If the operator opens the push-button switch 192 to reset the silicon controlled rectifier 186, this operation also opens the base circuit of, and therefore deenergizes, transistor 193. When switch 192 is reclosed, the transistor 198 is again rendered conducting, maintaining a short circuit across the capacitor 206. The collector of transistor 198 is also connected to the emitter of unijunction transistor 210. Transistor 210 has a first base 211 connected to positive battery terminal 164 through a resistor 2-12. The unijunction transistor 210 has a second base 214 connected to the positive battery terminal 165 through a resistor 216. The base 214 is also connected to a gate electrode 217 of a silicon controlled rectifier 218, the base, or cathode, 219 of which is connected to negative battery terminal 165. The anode 220 of rectifier 218 is connected to the positive battery terminal 16-4 through a serially connected solenoid coil 222 and a normally closed switch 224. The coil 222 is operatively associated with a springbiased armature 226 and a stationary contact 228. The armature 226 and contact 228 are connected in the energizing circuit of a brake control circuit 28.

After the first time-out stage is actuated, i.e., after the silicon controlled rectifier 186 is fired, and if the timeout stage is not reset by the opening of the normally closed switch 192, the timing operation of the second stage begins. In this second stage, the capacitor 206 normally charges through the resistor 204 and charges at a much slower rate than the capacitor 175 because the resistor 204 is several times larger than the resistance of resistors 176, 177 in the charging circuit of capacitor 175. The firing of rectifier 1536 effectively short circuits resistors 201), 202, turning off normally conducting transistor 198. Capacitor 175 now begins to charge. When the potential difference across capacitor 206 reaches a predetermined value, transistor 210 conducts and delivers a gating signal from its base 214 to the gate 217 of silicon controlled rectifier 218. The gating of silicon controlled rectifier 218 causes current to flow through the solenoid coil 222, thus closing the armature 226 with its associated contact 228 thereby actuating the brake control system 28. If, after actuation of alarm 24 by the operation of the first timing stage, the operator responds to the alarm and depresses the normally closed switch 192, the switch 192 will be opened and silicon controlled rectifier 186 will deenergize. When switch 192 recloses, forward bias is again applied to transistor 198 which conducts and maintains capacitor 206 short circuited until the first time-out stage including silicon controlled rectifier is actuated. The second timing stage can be reset by momentarily depressing the normally closed reset switch 224 which will cause deenergization of silicon controlled rectifier 218 and the release of armature 226 to thereby deactivate the brake control system 28. The normally closed switches 192 and 224 may be ganged together, or a single switch may be employed, to which both relay coils 190 and 222 are connected as indicated by dotted line 230 which would mean that the reset switch 192 performs a resetting function for both the first and second timing stages.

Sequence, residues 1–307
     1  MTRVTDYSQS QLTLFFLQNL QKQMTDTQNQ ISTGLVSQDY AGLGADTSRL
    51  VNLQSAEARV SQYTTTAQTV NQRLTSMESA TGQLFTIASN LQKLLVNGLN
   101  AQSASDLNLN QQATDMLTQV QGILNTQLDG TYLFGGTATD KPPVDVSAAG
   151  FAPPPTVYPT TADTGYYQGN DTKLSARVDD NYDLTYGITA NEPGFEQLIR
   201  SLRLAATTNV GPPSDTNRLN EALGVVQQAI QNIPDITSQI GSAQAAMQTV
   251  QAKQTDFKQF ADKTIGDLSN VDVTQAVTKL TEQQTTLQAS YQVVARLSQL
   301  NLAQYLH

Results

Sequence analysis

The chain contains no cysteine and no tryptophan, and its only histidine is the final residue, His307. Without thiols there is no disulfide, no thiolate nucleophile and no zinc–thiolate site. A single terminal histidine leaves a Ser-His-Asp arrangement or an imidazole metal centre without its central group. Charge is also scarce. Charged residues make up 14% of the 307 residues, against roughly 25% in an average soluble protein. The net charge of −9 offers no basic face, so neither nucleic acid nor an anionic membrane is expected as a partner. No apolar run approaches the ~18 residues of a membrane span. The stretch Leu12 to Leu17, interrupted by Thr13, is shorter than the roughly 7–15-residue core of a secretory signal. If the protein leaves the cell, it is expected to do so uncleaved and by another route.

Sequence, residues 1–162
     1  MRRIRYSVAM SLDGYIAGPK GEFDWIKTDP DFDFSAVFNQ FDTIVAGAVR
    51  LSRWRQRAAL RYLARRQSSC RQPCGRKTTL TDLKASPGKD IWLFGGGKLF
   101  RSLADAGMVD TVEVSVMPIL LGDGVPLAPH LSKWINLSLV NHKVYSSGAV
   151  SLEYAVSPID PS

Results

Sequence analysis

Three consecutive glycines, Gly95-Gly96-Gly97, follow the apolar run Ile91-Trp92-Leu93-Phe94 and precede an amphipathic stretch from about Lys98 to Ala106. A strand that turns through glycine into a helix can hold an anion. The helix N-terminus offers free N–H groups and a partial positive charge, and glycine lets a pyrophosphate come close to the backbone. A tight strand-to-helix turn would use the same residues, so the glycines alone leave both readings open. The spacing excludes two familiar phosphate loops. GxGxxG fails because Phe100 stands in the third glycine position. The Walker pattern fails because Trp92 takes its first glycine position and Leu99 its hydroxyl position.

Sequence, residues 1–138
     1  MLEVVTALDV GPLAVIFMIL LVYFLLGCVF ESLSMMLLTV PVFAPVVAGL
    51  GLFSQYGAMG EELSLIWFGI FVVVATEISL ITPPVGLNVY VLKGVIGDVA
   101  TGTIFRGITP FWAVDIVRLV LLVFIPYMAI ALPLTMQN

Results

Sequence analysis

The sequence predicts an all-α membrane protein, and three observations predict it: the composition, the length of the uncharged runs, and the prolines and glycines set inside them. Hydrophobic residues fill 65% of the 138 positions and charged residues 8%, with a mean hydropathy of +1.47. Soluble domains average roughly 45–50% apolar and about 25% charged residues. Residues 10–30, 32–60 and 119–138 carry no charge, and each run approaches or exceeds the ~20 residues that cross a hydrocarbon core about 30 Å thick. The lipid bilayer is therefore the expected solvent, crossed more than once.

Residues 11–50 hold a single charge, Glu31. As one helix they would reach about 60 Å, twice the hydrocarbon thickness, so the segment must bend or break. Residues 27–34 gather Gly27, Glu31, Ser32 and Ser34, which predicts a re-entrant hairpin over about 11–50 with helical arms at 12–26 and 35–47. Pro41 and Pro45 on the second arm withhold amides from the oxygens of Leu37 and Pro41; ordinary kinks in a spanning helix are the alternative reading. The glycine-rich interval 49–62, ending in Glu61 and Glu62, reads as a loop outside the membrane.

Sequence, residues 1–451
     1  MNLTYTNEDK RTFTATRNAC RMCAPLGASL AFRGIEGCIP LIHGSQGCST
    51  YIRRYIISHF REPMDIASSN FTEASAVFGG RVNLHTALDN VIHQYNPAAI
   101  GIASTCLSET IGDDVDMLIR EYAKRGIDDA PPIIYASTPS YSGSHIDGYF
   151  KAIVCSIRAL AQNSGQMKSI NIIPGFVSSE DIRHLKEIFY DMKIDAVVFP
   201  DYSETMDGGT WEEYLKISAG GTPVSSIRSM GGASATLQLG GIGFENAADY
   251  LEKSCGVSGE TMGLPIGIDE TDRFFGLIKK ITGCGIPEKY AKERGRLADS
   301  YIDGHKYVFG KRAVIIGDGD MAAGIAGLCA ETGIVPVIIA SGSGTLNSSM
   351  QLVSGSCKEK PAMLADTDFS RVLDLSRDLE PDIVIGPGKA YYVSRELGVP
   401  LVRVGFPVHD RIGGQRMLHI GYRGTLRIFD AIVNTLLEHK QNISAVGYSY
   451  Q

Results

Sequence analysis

Those skilled in the art will appreciate that various changes and modifications can be made in the invention without departing from the spirit and scope thereof. The essential characteristics of the invention are defined in the appended claims.

What is claimed is:

1. In a system for detecting the absence of movement of an ultrasonic energy reflecting body within a predetermined period comprising:

an ultrasonic transmitter for transmitting a beam of energy toward said body; an ultrasonic Doppler receiver including a transducer for receiving energy reflected from said body;

alarm means for indicating the failure of said receiver to receive a Doppler signal from said body within said predetermined period; and

resettable time-out means connected between said receiver and said alarm means and including means for actuating said alarm means when no Doppler signal is received within said predetermined period,

2. The system according to claim 1 wherein said alarm means includes a visual alarm means connected to said time-out means and wherein said time-out means includes means for energizing said visual alarm means a predetermined period after no Doppler signal is received.